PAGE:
The 62-year-old man accused of kidnapping, raping and killing a Boise State University Honors College student last fall has reached a plea deal with prosecutors.
Bruce A. Marchant, clad in an orange prison jumper, entered a guilty plea Tuesday in a Boise courtroom on one of three counts — first-degree murder.
In exchange for his guilty plea to the premeditated murder charge, prosecutors agreed to drop the rape and kidnapping counts. As part of the plea bargain, Marchant waived his right to an appeal.
Marchant, a convicted felon, was charged in the death of 18-year-old Sierra Bush, whose body was found in a creek south of Idaho City last Oct. 22. Bush had been missing about a month.
Never miss a local story.
(Some people knew Sierra Bush as Simon, but it appears she had no one true preference. The Statesman is using the name most consistently given to us in interviews and documents.)
Bart Green, Bush’s stepfather, told the Statesman that the Ada County Prosecutor’s Office had met with the family and asked for their input. He said they supported the plea deal offered to Marchant.
When Marchant was asked by 4th District Judge Jonathan Medema whether he committed first-degree murder, Marchant replied, “Yes sir, your honor.” He could face life in prison without parole.
Medema, who seemed concerned about the validity of the plea, asked Marchant why he chose to plead guilty. Marchant offered two explanations. First, he said, if the case had gone to trial, “you have no choice but to give the maximum penalty.” (Medema disputed that, telling Marchant that if the state pursued the death penalty, it would be up to a jury to decide.)
After conferring with his attorney, David Smethers, Marchant added, “I want to plead guilty because that’s what happened.”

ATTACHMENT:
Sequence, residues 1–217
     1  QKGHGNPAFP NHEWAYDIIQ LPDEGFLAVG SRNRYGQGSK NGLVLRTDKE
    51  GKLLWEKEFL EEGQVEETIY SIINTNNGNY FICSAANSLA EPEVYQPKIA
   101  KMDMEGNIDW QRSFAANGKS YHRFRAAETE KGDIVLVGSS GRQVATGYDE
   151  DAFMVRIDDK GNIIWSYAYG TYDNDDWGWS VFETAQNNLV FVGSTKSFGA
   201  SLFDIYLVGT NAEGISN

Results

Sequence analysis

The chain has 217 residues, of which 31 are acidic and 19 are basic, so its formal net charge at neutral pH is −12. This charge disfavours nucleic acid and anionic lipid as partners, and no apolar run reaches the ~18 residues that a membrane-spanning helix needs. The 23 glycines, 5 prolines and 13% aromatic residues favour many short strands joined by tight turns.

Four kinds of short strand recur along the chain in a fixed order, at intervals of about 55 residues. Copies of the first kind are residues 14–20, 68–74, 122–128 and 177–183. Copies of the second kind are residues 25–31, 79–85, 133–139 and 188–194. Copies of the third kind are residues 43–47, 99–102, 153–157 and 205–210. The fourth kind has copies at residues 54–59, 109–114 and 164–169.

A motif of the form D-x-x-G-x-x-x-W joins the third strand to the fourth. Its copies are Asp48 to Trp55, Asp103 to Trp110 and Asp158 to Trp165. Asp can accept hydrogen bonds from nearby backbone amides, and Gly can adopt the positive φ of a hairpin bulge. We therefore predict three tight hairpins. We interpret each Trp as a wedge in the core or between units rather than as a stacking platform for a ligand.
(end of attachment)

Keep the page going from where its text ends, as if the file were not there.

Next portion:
He said he didn’t want to slow the court down or “cause the family any more grief than what I’ve caused already.”
In court Tuesday, Marchant said he’d been diagnosed with multiple mental illnesses, including ADD, PTSD, schizophrenia and manic depression, for which he takes medication. He said he usually gets just a couple of hours of sleep a night, prompting Medema to ask whether he needed more time to think over his plea decision. Marchant said no.
Medema continued to press Marchant to determine whether he understood the consequences of a guilty plea, particularly after Marchant began to make claims that he would receive as much as $100,000 a year while in prison. (Smethers clarified that Marchant receives $25,000 per year in veterans benefits for serving in Vietnam). Marchant said he had inventions such as the Toyota Prius, for which he is owed billions.
“Those statements seem somewhat fantastical,” said Medema, who expressed concerned that Marchant was unable to understand what was going on.
Marchant rebuffed those concerns, reiterating statements that he was guilty and blaming lack of sleep and too much time in prisons for being befuddled.
“I choked Sierra Bush with my hands until she died,” Marchant said.
Marchant, who was a former tenant in one of the properties owned by Sierra Bush’s father, told the judge that he killed Sierra in her father Phil Bush’s house. He said the teenager kept screaming.
The judge asked Marchant whether he considered the consequences of his actions.
“No, I didn’t think about it. … It was just a spur of the moment,” Marchant replied.
Medema told him that prosecutors would have to prove that he knew that choking Bush would kill her.
“I think they could prove that easily,” Marchant said.
Finally, shortly before 11 a.m., Medema accepted Marchant’s guilty plea. He said that despite his concerns about the grandiosity of Marchant’s thinking, it appeared that Marchant understood the plea and that it was freely given.
Marchant will be sentenced at 9 a.m. Dec. 6. Prior to sentencing, he will receive a mental evaluation. Medema cleared half a day for the sentencing hearing, at which Deputy Prosecutor Brian Naugle said several friends and family of Sierra Bush will share impact statements.
Investigators arrested Marchant in New York City last December. The arrest followed an investigation that criss-crossed the state and the country, including the discovery of Bush’s DNA in blood found on leather gloves in Marchant’s car after he crashed it Sept. 28 in Idaho County.
A jury trial that was set for Nov. 1 has been vacated.